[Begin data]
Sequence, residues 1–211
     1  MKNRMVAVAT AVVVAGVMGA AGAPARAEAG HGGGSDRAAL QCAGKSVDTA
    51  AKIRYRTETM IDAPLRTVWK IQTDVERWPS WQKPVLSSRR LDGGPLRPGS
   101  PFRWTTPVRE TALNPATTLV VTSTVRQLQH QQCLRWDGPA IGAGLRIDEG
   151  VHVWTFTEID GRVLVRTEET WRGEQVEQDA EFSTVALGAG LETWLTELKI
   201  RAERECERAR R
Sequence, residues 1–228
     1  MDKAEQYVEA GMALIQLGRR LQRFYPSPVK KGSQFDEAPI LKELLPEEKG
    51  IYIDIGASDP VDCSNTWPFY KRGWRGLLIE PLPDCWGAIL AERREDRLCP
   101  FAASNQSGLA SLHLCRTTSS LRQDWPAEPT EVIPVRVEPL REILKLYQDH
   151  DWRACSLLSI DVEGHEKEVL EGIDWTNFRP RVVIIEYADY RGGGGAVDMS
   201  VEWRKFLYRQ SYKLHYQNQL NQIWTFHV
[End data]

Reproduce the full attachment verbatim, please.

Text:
Sequence, residues 1–211
     1  MKNRMVAVAT AVVVAGVMGA AGAPARAEAG HGGGSDRAAL QCAGKSVDTA
    51  AKIRYRTETM IDAPLRTVWK IQTDVERWPS WQKPVLSSRR LDGGPLRPGS
   101  PFRWTTPVRE TALNPATTLV VTSTVRQLQH QQCLRWDGPA IGAGLRIDEG
   151  VHVWTFTEID GRVLVRTEET WRGEQVEQDA EFSTVALGAG LETWLTELKI
   201  RAERECERAR R
Sequence, residues 1–228
     1  MDKAEQYVEA GMALIQLGRR LQRFYPSPVK KGSQFDEAPI LKELLPEEKG
    51  IYIDIGASDP VDCSNTWPFY KRGWRGLLIE PLPDCWGAIL AERREDRLCP
   101  FAASNQSGLA SLHLCRTTSS LRQDWPAEPT EVIPVRVEPL REILKLYQDH
   151  DWRACSLLSI DVEGHEKEVL EGIDWTNFRP RVVIIEYADY RGGGGAVDMS
   201  VEWRKFLYRQ SYKLHYQNQL NQIWTFHV